The strength of a nation is measured by many criteria. And there is one that we do not pay enough attention to even though it is essential: the ability to retain and attract talent.
The ranking provided since 2013 by INSEAD (associated with a Swiss foundation and another Singaporean) gives a very interesting idea of these issues, even if its definition of «talents» is to my taste much too restrictive (essentially reduced to employability, qualifications and the ability to innovate technologically).
According to this ranking, Switzerland, Singapore and Denmark are the most attractive countries. The United States ranks 4th, followed by several northern European countries such as Sweden (5th), the Netherlands (6th), Norway (7th) and Finland (8th). Next are Australia (9th), Canada (15th) and New Zealand (18th). France is only 19th. Other top 25 countries include the United Arab Emirates, South Korea and Israel. Behind them, a few countries are starting to show up very convincingly: China, Indonesia, Saudi Arabia and Mexico.
This ranking is very revealing: it reminds in particular to all the sad minds who have forgotten it, that Europe is globally, with the United States, the best place in the world to live, create, work; a continent blessed by the Gods and envied by all those who do not live there.
France, which lags around the 20th rank since the beginning of this ranking, does not, despite all the speeches, much to attract talents, of any kind: an indiscriminate and absurd visa policy, a much less attractive tax system than that of many of our neighbours, a greater difficulty than elsewhere in succeeding when we do not have the codes and networks, xenophobia that is too present… All of this does not encourage future talent, and a young francophone who is increasingly thinking about leaving France to go to Canada, Australia, the United States or one of the countries of Northern Europe. More generally, and contrary to what is said here and there, France attracts neither foreign investment (half less than Germany), nor artists, nor researchers, nor any of those who can move a country.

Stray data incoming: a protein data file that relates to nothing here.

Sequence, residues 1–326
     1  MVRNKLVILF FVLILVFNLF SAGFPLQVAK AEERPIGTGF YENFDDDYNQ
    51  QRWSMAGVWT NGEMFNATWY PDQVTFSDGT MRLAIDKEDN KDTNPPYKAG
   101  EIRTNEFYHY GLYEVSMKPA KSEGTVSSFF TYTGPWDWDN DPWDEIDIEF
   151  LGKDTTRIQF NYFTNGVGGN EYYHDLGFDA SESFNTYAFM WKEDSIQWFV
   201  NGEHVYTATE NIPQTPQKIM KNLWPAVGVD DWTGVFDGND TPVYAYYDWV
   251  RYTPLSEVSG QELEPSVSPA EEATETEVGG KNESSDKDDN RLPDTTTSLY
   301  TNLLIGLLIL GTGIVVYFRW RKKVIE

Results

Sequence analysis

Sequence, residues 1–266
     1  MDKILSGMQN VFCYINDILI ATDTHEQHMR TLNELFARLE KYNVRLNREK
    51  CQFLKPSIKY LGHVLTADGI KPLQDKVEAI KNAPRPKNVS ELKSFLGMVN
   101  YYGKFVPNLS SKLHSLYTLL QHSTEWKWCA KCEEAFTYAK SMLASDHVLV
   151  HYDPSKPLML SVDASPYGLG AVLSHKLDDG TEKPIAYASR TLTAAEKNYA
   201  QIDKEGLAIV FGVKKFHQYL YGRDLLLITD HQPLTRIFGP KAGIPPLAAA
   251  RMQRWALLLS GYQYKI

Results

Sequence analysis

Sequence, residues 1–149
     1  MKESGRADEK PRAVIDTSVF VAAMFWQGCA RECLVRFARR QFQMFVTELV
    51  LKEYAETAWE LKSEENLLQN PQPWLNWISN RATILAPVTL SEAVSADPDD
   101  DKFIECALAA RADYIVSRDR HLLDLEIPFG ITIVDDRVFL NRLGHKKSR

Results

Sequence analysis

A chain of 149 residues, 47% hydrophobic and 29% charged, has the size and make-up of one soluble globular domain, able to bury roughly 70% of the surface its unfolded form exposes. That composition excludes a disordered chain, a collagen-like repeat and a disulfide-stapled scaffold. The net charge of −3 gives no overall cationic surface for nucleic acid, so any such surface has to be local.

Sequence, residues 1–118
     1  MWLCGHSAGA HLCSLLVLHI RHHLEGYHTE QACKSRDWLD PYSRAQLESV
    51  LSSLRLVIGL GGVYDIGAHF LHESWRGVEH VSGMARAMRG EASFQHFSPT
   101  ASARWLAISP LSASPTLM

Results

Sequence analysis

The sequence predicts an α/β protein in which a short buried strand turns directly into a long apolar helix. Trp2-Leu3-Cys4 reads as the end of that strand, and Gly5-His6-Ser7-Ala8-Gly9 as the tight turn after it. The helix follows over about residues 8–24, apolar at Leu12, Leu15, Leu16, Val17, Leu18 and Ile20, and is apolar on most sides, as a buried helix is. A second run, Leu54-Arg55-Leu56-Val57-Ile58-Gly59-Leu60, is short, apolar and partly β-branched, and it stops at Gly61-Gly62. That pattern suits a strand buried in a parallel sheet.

We could enrich this index and this ranking by integrating less quantitative elements, such as the place given to the non graduates wishing to create their business or develop an idea, tolerance towards different thoughts, the acceptance of minorities and even more by considering that the main talent is motivation; something that cannot be learned at university.
It is through these talents, drivers of change, that the future of a development model will be decided, political institutions will be organized and economic growth will evolve, the mechanisms for renewing elites and the ability to include as many as possible. The future will depend on them.
In a world where, by nature, talents are increasingly nomadic, this ranking will soon evolve much faster. And countries that are now very welcoming could stop being so. For example, if the suicidal policies of the current Israeli government continue, some of that country’s elite could go and live and work elsewhere. Similarly, while anti-Semitism in Britain has a lasting impact, much of the English Jewish community, particularly its scholars, teachers and artists, could soon wonder if it still has its place in what was the oldest democracy in the world, largely demonetized by Brexit.
Similarly, the United States could one day cease to be attractive if the intolerance that settles there in some universities triumphs permanently and spreads throughout society or if a totalitarian political power took power. All these hypotheses are not to be excluded. Talents would find other places of refuge, as they did in the darkest decades of past centuries. For the greater benefit of those who will attract them…